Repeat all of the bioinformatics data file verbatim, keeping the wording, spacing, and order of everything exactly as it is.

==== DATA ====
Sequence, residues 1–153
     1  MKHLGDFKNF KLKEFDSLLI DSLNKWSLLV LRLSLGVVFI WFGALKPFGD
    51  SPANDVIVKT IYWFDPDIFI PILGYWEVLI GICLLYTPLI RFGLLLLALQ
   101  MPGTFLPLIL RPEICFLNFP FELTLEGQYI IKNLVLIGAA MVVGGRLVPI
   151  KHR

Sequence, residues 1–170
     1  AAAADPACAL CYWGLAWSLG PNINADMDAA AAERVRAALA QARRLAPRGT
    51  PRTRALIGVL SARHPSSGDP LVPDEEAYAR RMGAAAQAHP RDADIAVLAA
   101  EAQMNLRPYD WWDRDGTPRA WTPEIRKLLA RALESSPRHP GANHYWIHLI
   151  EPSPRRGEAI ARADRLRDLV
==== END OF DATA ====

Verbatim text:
Sequence, residues 1–153
     1  MKHLGDFKNF KLKEFDSLLI DSLNKWSLLV LRLSLGVVFI WFGALKPFGD
    51  SPANDVIVKT IYWFDPDIFI PILGYWEVLI GICLLYTPLI RFGLLLLALQ
   101  MPGTFLPLIL RPEICFLNFP FELTLEGQYI IKNLVLIGAA MVVGGRLVPI
   151  KHR

Sequence, residues 1–170
     1  AAAADPACAL CYWGLAWSLG PNINADMDAA AAERVRAALA QARRLAPRGT
    51  PRTRALIGVL SARHPSSGDP LVPDEEAYAR RMGAAAQAHP RDADIAVLAA
   101  EAQMNLRPYD WWDRDGTPRA WTPEIRKLLA RALESSPRHP GANHYWIHLI
   151  EPSPRRGEAI ARADRLRDLV